Academic Travelogue: Seoul, Korea

Sylvia Estrada-Claudio is a fellow of Action for Economic Reforms. She is Director of the University Center for Women’s Studies and Professor of Women and Development Studies, University of the Philippines. This piece was published in the January 3, 2011 edition of the BusinessWorld, pages S1/4 to S1/5.

I walked on the right side of the main pathway of Seoul’s Gyeongbok Palace. It is the first palace compound built by the Joseon Dynasty (1392-1910), which established Seoul as its capital.

Normally, when walking though ancient imperial sites, I take a childish delight in taking the emperor’s path.  No woman would have walked the sovereign’s path, unless she was to marry him. In all likelihood she would have walked her way to permanent incarceration inside the palace.

And so with vengeful glee, I would skip down the emperor’s path, a gawking and irreverent tourist. I am a woman footloose and free. I have no intention of being incarcerated within any man’s palace.

It is almost a cliché to talk of the transient nature of pomp, power and glory. But I still amuse myself with these thoughts when confronted with the monuments of patriarchal power.

In Gyeongbok, the main pathway leading through the gates and courtyards of the imperial palace is divided into three. The central path, slightly raised, was reserved for the emperor. To its left, the path taken by his ministers and other members of the bureaucracy. To its the right, the pathway for the scholars. I am told also that when the emperor sat on his throne, he was slightly oriented to face away from his ministers and towards his scholars.

I am aware of my dislike for feudal patriarchies and yet I am happy to find an ancient tradition that reveres scholars.

I am in Gyeongbok, a day after speaking at a women’s studies conference in Duksung Women’s University. My task at the conference has been to share how I think we may establish scholarly cooperation in the Asian region.

I started my presentation at the conference by saying that I teach postmodernism by taking a Buddhist framework.  I quote the Buddhist monk Thich Nhat Hahn: “Nothing in itself contains an absolute identity. This means a rejection of the principle of identity, which is the basis of formal logic.” And then I quote the feminist postmodernist Judith Butler: “Identity is a culturally constructed principle of order and hierarchy, a regulatory fiction.”

When I teach, I explore the main tenets of postmodernism through Buddhist sayings and practices. It helps even my Christian students grasp the difficult concepts better. Certainly my Asian colleagues who are more steeped in Buddhism, seem even more amused by my approach. Like any nerd, I could just go on about this, but that is not the point of my lecture.

My point is that there is a different set of histories and traditions that mark the Asian academes. The point is that Asian women’s studies must begin with the understanding of the power dynamics in global knowledge production.  It remains true up to this day, that the questions asked, how the  questions are to be answered and who decides what are the good answers, remains a matter of power that skews knowledge production along race, class and gender dimensions.

Women’s studies began with such a power analysis.  Women studies scholars understand that women’s knowledge and experience are often devalued in the academe as well as in society. Women’s studies therefore, is about bringing balance to the knowledge of men so that we arrive at human knowledge.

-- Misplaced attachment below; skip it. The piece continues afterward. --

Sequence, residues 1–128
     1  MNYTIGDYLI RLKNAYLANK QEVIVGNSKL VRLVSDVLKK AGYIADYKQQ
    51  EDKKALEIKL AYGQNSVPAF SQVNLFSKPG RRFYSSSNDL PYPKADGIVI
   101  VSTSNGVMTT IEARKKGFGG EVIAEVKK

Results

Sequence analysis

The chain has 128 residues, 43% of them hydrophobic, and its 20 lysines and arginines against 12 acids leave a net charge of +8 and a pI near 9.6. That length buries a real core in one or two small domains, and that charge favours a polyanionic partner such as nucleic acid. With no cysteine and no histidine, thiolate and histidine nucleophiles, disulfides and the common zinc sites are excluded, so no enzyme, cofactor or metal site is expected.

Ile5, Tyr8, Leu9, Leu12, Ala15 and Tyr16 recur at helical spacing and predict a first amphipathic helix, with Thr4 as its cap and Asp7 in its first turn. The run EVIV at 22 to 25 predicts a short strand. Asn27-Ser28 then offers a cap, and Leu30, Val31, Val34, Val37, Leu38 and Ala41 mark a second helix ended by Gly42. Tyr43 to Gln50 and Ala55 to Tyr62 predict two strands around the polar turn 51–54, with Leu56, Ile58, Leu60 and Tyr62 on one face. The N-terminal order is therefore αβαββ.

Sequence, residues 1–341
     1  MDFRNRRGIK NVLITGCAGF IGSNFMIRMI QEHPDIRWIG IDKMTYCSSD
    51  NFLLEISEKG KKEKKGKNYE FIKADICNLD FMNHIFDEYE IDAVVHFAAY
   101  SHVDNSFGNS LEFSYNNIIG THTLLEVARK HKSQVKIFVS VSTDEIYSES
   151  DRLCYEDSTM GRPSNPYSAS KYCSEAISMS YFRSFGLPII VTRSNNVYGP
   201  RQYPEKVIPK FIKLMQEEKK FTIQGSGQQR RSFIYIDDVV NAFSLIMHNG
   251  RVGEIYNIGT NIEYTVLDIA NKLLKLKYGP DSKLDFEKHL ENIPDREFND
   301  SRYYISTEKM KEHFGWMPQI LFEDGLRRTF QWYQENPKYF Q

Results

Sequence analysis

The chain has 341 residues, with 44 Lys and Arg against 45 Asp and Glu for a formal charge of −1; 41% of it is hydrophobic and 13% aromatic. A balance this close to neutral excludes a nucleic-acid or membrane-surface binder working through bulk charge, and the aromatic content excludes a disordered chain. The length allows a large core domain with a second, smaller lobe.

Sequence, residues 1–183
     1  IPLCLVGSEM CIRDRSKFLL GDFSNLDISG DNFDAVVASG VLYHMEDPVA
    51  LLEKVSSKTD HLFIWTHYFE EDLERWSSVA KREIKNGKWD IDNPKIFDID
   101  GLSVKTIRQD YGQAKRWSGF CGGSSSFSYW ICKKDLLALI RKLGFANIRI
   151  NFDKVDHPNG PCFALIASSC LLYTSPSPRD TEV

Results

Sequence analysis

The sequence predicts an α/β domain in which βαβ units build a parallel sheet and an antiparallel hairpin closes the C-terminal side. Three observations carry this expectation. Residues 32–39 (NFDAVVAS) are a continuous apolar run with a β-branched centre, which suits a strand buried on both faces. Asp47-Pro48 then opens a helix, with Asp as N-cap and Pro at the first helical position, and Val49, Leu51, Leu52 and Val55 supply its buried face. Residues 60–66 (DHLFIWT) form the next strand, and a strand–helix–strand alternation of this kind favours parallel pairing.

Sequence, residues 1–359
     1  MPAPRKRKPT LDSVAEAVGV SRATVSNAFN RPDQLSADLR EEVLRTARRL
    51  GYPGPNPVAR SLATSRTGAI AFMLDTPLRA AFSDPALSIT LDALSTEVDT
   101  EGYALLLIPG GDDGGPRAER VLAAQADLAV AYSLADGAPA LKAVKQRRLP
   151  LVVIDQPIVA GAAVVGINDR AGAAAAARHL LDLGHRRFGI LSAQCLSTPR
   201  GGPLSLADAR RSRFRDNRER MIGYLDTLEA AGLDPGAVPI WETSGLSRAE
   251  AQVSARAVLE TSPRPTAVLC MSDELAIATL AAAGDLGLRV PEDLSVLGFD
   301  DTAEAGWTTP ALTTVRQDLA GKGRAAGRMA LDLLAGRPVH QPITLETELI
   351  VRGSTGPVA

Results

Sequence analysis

We cannot engage in a dialogue without being aware of the differences in our histories, in our traditions, in our epistemologies and in our relative power positions within different academic settings.

One of my colleagues in Ateneo believes that Western society took a wrong turn when it took on the trappings of enlightenment and modernity. This is an argument for postmodernism, but it is also an argument for Eastern philosophies that lie outside the Western traditions. Thus, I engage both East and West dialogically by teaching postmodernism through the way of the Buddha. And yet I understand that I am making a dangerous proposition, banging two philosophies around like that.

During the entire conference, a young student from Duksung University is assigned to help me. She picked me up at the airport, waited patiently to escort me to the conference room the following morning, carried my backpack when she could beat me to it,  asked about exchange rates and tours, walked me to the restaurant for meals.

Feeling a bit overwhelmed, I asked her whether she did not feel like we were betraying the youth movement. I felt like one of those older activists making the young ones do menial work.

She was aghast. On our way from airport to hotel she had talked about how happy she was to volunteer for the conference. How she had looked me up on the internet and was happy to have been assigned to me. She answered by reminding me of these things and by adding that respect for one’s elders was part of her culture even in modern and wealthy South Korea. I felt trapped between the two poles of ageism—was I treating this young person with disrespect and being ageist or was she treating an older person with respect and being non-ageist?  Once again I am confronted with another Asian nuance to ponder.

I have come to realize that in the global social movement and the universal academe, we are unable to escape the hegemony of the colonial traditions and neo-colonial ways. Those in the margins need to work double time to recover our own modalities and transform them, while engaging with the mainstream within and outside our social movements.

Thus did I walk the scholar’s path in Seoul, wondering about the old and the new, thinking about traditions and transformations.

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